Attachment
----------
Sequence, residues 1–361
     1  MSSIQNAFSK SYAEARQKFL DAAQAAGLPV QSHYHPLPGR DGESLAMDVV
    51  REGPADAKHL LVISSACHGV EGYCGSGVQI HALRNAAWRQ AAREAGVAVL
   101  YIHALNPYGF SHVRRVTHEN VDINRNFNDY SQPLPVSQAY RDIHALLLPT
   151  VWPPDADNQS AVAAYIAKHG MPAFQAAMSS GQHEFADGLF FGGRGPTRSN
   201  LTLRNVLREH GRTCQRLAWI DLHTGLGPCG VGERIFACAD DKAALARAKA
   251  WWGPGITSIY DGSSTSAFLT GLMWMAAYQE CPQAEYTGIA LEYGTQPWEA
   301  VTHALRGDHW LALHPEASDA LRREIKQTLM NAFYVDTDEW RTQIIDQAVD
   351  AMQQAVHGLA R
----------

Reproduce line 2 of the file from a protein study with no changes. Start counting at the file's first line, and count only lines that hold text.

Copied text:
     1  MSSIQNAFSK SYAEARQKFL DAAQAAGLPV QSHYHPLPGR DGESLAMDVV